In the wake of Virgin's capital raising, Qantas said it had decided to state its concerns ''as the national carrier about potentially damaging shifts in Australia's aviation industry''.

The capital raising could result in Virgin's major airline shareholders – Air New Zealand, Etihad and Singapore Airlines – boosting their combined stake from almost 63 per cent to as much as 70 per cent.

Richard Branson's Virgin Group will also retain a 10 per cent stake.

''The recent announcement by Virgin Australia that it would receive more than $300 million in further capital from three government-backed airlines highlights the uneven playing field created by existing policy settings,'' Qantas said in a statement today.

''The decision of these shareholders to invest in Virgin Australia's loss-making strategy highlights that these airlines aren't subject to the same commercial realities as Qantas.''

Qantas said its arch rival's foreign-ownership levels could rise to more than 80 per cent without the need for further regulatory approval, but yet it would still retain the rights as an Australian designated airline.

''If wholly privatised, Virgin Australia's ability to receive potentially unlimited capital from its government-backed owners would seriously distort the domestic aviation market for the benefit of foreign interests,'' it said.

Mr Joyce will visit Canberra this week where he is expected to press his points in meetings with politicians.

The latest outcry come just months after Qantas stepped up efforts to pressure federal politicians to take a closer look at whether Virgin was abiding by aviation laws, after its major airline shareholders boosted their stakes.

Qantas has been critical that Virgin has circumvented the Air Navigation Act by splitting its business. The act stipulates Australian airlines have to keep foreign ownership at 49 per cent to benefit from this country's traffic rights on international routes.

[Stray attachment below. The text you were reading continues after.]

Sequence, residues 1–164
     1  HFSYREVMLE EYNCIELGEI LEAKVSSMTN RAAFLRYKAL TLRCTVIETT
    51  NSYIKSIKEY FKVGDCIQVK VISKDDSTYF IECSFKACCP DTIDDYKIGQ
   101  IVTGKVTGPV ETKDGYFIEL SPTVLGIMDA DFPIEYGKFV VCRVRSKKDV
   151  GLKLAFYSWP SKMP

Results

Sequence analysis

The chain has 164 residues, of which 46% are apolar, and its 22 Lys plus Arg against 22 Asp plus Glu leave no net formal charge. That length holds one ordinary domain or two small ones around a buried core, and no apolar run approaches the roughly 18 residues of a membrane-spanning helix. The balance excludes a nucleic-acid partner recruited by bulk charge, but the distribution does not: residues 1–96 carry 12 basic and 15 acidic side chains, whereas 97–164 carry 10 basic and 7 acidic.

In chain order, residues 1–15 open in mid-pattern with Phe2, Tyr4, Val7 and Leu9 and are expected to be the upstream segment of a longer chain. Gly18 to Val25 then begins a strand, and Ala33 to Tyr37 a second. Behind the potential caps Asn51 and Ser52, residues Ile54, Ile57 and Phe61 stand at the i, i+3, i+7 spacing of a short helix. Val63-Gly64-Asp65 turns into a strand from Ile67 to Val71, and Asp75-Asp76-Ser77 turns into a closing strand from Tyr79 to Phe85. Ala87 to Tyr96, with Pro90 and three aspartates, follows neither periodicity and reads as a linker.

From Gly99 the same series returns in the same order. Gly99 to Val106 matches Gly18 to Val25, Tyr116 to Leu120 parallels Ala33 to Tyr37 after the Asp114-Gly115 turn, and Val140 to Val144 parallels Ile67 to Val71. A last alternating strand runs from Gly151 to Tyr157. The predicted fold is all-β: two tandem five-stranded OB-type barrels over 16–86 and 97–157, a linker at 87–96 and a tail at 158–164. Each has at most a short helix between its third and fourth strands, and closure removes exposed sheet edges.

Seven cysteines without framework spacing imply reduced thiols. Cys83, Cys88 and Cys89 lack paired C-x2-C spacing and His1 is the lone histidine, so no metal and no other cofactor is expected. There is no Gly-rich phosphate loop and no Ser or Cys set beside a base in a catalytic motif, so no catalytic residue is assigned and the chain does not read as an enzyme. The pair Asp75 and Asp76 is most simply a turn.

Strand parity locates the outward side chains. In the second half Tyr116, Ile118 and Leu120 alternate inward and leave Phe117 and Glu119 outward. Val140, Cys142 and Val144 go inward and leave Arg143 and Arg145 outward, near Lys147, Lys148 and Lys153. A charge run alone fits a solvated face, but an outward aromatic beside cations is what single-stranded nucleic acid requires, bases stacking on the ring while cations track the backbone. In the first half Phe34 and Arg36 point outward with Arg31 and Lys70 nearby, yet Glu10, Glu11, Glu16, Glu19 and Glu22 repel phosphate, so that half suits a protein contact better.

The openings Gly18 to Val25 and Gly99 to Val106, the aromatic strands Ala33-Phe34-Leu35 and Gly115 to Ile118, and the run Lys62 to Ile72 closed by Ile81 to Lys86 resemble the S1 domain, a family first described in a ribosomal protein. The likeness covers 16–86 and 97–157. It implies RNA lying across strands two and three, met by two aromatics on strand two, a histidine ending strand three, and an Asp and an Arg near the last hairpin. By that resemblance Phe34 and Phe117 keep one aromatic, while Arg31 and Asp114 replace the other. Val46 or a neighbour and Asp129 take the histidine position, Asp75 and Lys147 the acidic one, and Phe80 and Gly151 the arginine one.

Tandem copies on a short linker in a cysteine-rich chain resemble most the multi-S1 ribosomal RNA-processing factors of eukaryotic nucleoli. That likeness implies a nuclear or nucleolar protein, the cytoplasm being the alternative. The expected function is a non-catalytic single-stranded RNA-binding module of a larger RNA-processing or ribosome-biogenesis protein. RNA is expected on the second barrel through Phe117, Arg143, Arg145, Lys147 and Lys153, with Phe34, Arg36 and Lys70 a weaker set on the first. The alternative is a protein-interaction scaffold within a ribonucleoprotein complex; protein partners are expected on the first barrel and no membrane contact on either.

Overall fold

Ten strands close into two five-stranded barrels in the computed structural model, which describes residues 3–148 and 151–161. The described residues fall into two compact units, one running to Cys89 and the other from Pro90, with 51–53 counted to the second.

The split allowed Virgin to open its share register to Air New Zealand, Etihad and Singapore Airlines while retaining an Australian designation for its international operations.

Read more: 'No longer a monopoly': Virgin Australia chief hits back at Qantas claims
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Old 18th Nov 2013, 08:01
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TBM,

Etihad have also just placed big orders,

From Plane Talking;

Etihad buys another 50 A350XWBs, 36 A320, 1 A330F

Etihad first at DXB13 with $25 bn of Boeings.

Etihad is the first to announce an order at the Dubai Air Show, with 25 Boeing 777-Xs, 30 Dreamliner 787-10s, and one more 777 freighter

Press release (last paragraph is very interesting for Virgin).

• Orders 117 Airbus and 82 Boeing aircraft. • Confirms 127 GE Aviation, 115 Rolls-Royce and 52 CFM engines. • Total list price of combined orders tops US$ 67 billion.*

Etihad Airways, the national airline of the United Arab Emirates, today announced its largest ever fleet order, for 199 aircraft and 294 engines, in a US$67 billion dollar deal which will enable the airline to accelerate its industry-leading growth over the next decade.

It announced firm orders at the Dubai Air Show for 87 Airbus and 56 Boeing aircraft, with a further 56 options and purchase rights.* The new aircraft will be powered by 127 GE Aviation, 115 Rolls-Royce and 52 CFM engines.

The new aircraft will be used to support the ambitious growth strategy of Etihad Airways, launching into new markets and increasing frequencies on existing routes, as well as progressively replacing its older, less efficient aircraft.*

In a unique new approach, Etihad Airways will have a capability to redirect orders to members of its equity alliance, the airlines in key markets around the world in which it holds minority shareholdings.* This will allow capacity to be allocated where most required, while improving fleet commonality and sharing significant cost synergies among equity alliance carriers.

The order, for 25 next-generation Boeing 777X aircraft, 30 Boeing 787-10 Dreamliners, one Boeing 777 freighter, 50 Airbus A350 XWB, 36 Airbus A320neo family aircraft and one Airbus A330-200F, will see passenger aircraft deliveries start in 2018.*